The following month, during a brief Twitter Q&A, a fan asked Jay point blank whether the album was coming that year. “Yes,” came the decidedly unambiguous response. Around this time, Electronica also started a YouTube channel and was observed interacting with fans in the comments to some videos. Once again, the issue of Act II was put to him, and once again he was straight to the point. “It’s coming this year,” he began. “I’m about to heat the game up.” Uh-huh. A trailer for the Goldwatch documentary (titled Into the Light) landed in October (with its release date pushed back to 2015, I might add), before the year – perhaps by now unsurprisingly – closed out without any further signs of the album.
2015 was, by comparison, a much quieter year. No brash claims about the album’s completeness or apparent quality, no promises of an imminent drop: just the CDQ release, following a low-quality Reddit leak, of Road to Perdition, which the keen-eyed among you will remember as track #10 from the iTunes screenshot. If you’ve lost count, by now we had three of the promised 15: the two to be released following the posting of the track list plus Shiny Suit Theory, which had come out two years prior.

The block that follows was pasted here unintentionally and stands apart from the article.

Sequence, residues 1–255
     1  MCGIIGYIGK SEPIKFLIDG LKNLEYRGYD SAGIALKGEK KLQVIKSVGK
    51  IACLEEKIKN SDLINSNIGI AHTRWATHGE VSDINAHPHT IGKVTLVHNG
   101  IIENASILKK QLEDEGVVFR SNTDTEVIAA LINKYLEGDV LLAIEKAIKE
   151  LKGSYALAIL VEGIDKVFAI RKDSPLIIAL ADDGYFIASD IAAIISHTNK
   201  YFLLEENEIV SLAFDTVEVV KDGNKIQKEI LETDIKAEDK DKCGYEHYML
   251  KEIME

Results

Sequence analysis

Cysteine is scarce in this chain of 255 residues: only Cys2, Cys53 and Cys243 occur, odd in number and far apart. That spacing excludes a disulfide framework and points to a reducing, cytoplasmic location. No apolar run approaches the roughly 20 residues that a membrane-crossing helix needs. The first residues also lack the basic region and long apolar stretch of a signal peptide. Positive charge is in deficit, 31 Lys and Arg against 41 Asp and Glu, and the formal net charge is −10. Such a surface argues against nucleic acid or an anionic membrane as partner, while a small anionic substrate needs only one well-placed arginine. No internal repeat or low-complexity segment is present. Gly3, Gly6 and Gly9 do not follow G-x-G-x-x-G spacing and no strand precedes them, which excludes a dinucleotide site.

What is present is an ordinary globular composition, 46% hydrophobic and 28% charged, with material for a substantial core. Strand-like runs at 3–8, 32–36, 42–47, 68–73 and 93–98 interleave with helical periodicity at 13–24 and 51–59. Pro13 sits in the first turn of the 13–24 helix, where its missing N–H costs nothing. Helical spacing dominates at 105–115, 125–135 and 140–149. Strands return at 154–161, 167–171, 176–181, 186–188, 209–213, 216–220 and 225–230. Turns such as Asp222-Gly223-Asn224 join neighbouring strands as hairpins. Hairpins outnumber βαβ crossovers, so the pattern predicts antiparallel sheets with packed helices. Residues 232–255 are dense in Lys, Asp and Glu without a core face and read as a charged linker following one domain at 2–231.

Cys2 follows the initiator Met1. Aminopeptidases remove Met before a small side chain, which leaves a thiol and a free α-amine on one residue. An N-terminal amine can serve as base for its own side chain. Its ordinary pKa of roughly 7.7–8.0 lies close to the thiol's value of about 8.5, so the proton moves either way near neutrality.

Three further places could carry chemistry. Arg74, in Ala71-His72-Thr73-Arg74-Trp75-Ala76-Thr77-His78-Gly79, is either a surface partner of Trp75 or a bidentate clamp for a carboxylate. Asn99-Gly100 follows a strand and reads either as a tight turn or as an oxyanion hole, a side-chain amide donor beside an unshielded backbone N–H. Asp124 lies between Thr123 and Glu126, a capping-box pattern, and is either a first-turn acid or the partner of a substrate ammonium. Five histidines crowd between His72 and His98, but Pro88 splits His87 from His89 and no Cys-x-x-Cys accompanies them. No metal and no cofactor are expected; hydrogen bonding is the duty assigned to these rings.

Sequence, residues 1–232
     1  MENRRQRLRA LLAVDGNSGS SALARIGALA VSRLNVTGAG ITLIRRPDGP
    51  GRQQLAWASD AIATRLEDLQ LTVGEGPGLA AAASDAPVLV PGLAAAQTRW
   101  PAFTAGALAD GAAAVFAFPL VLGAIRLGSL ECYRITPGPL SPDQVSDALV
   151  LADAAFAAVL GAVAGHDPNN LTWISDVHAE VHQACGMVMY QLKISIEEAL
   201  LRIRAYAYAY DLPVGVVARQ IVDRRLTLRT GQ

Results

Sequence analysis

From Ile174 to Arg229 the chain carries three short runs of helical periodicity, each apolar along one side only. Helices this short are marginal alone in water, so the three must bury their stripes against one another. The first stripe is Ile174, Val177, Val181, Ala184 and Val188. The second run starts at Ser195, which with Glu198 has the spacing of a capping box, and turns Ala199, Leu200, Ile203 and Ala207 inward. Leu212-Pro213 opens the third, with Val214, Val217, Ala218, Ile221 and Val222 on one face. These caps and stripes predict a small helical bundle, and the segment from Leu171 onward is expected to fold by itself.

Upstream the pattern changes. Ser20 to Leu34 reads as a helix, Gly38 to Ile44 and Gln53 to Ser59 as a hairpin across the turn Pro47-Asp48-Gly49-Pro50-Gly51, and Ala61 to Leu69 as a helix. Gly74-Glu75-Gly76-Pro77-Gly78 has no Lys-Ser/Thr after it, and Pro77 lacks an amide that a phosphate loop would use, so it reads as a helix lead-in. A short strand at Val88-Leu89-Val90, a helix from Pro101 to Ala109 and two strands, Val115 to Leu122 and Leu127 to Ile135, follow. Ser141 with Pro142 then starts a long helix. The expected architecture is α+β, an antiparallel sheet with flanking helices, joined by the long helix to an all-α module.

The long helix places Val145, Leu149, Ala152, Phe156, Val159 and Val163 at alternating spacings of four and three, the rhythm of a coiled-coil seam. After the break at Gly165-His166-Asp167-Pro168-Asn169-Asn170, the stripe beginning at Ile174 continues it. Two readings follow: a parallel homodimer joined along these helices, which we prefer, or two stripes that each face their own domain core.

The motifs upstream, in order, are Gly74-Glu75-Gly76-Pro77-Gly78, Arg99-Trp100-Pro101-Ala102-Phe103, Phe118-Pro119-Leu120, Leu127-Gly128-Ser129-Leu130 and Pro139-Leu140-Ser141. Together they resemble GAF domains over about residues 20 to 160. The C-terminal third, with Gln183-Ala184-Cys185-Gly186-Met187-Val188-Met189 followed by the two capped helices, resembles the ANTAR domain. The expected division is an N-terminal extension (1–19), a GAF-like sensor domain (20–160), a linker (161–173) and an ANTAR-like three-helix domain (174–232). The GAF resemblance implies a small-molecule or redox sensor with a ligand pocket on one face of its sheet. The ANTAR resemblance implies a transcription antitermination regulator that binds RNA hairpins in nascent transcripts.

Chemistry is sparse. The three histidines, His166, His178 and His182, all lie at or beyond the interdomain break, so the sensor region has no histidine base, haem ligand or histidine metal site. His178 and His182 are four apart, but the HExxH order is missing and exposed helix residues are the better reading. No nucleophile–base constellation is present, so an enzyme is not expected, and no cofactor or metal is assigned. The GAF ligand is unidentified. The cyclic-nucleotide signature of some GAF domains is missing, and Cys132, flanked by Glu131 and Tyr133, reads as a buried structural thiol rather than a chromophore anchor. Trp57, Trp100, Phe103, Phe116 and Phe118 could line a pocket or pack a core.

By the time 2016 rolled around, many were beginning to wonder if Patents of Nobility was ever actually going to arrive. It was hard to look at the ratio of promises made to promises delivered and see anything other than a perpetual cycle of disappointment, and indeed it wouldn’t surprise me if there were some fans who decided to just abandon him completely: I don’t think anyone could begrudge them that. And yet with all of that in mind, I couldn’t help but get hyped (as I’m sure a great many others did too) when an incredible guest verse on Chance the Rapper’s How Great closed with “this is the year that I come for the crown, bury my enemies under the ground.” We’d heard it all before, and yet…
The flames of hype were further fanned in July, with a flurry of tweets thanking fans for their patience and cryptically imploring them to subscribe to Jay-Z’s Tidal streaming service. Was this preparation for an incoming release, or just a bit of publicity for his label head? In support of the former hypothesis was the fact that Goldwatch simply tweeted “1.7.17”, appended with one of Electronica’s favoured hashtags: #AreYouWatchingClosely? Of course, given that Into the Light was also yet to materialise, it came as little surprise when (assuming that he was using US conventions for the date) January 7th passed by without fanfare.